Intentional Acts of Kindness

Something really sweet happened when I was grocery shopping with my daughters a few days ago. As we were exiting the store with a cart full of groceries, my 3-month-old decided she was uncomfortable and was going to let everyone know about it.

As Christians, we’re accountable for intentionally serving others. However, we’re not accountable for how people respond to our offers of help.

Her cries continued to escalate as I arrived at my car and unlocked my trunk. As this was happening, two ladies pulled into the parking space next to mine and exited their car. They paused as they passed behind me and asked if they could help me load the groceries into my trunk.

My initial thought was to politely say “no thank you” and assure them that I would be just fine on my own. It quickly occurred to me that this was foolish. I had a hungry toddler asking for a snack, a screaming infant strapped to my chest in a Moby Wrap, and a cart brimming with groceries. What reason did I have to decline their offer of help?

I ended up accepting their assistance and I thanked them when they were finished. I felt so encouraged as we parted ways and I drove home! Though their act of kindness was incredibly simple, it made such a positive difference in my day.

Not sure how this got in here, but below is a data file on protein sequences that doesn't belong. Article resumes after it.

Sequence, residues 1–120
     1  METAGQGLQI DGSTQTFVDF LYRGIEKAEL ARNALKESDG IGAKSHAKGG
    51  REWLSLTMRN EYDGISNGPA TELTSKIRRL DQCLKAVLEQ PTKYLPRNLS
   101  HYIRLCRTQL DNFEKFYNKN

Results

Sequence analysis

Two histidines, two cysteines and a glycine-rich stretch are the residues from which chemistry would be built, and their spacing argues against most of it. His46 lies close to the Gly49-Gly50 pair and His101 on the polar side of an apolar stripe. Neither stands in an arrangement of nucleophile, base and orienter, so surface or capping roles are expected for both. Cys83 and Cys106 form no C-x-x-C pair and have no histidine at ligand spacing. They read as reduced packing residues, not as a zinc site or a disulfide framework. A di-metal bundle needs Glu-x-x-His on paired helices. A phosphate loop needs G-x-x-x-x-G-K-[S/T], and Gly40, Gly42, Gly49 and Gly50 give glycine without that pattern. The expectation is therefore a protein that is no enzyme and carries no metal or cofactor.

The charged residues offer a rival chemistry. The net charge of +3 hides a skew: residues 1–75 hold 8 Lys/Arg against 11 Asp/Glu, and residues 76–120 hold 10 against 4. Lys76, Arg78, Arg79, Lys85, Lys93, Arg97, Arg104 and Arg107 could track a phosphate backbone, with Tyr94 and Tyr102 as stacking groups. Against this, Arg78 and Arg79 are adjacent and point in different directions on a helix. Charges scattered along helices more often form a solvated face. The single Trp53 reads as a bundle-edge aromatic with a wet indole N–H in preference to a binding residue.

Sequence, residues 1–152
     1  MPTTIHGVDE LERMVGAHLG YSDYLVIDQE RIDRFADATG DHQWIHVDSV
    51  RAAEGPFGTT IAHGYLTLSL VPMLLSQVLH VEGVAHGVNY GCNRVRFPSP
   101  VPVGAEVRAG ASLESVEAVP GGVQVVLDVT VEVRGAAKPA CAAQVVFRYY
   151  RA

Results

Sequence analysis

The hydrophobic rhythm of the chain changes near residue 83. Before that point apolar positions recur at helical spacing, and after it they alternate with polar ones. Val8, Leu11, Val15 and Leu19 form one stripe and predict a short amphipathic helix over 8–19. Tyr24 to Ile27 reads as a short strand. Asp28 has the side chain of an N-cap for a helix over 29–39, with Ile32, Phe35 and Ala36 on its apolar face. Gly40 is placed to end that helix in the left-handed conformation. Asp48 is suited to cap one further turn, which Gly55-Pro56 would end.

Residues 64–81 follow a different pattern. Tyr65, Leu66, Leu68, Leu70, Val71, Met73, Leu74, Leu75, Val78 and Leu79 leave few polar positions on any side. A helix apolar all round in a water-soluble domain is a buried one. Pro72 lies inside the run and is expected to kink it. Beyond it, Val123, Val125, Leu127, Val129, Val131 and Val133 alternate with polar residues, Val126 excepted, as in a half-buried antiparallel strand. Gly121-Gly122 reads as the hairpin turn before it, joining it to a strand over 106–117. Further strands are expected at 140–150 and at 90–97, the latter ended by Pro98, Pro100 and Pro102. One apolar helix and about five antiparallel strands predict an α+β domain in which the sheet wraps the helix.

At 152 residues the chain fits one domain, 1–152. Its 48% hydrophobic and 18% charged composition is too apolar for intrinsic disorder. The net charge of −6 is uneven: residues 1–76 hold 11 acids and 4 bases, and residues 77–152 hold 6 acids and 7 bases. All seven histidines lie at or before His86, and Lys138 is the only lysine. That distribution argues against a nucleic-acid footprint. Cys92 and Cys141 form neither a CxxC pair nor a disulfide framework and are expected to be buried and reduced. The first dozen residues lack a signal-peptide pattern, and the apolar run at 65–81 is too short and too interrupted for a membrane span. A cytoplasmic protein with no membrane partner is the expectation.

How many times have I passed up opportunities to help others in a similar fashion? Though I wish it weren’t true, sometimes I don’t offer to help because it will inconvenience me. Many times, though, I think about offering but hold back because I’m concerned about how the offer will be received. In our “mind your own business” culture, offers of help are often perceived as intrusions and you are sometimes assumed to have an ulterior motive if you offer assistance.

I remember being met with harsh words and a brief lecture one time after I offered to help a woman sitting in a motorized scooter to reach an item on a high shelf at the grocery store. I remember another time when a mom and dad quietly chided me after I assisted their daughter who was about to close her fingers in a door. Perhaps it seems silly, but these responses have stuck with me.

In thinking through this, I’ve remembered that I shouldn’t be concerned with how others perceive my offers of help (Galatians 1:10). I’m not accountable for how people respond; however, I am accountable for making the offer of help (Matthew 25:34-40, James 2:14-17). Furthermore, as Christians, we shouldn’t approach helping others casually. We shouldn’t wait to help someone until we’re randomly inspired (so-called “random” acts of kindness); we should be alert for and actively seek opportunities to serve others (Matthew 5:14-16, Philippians 2:4).

Because of Thanksgiving and Christmas, we tend to think a lot about serving and generosity during the months of November and December. Will you join me in using these holidays as reminders to engage in intentional acts of kindness?

Shared at the following: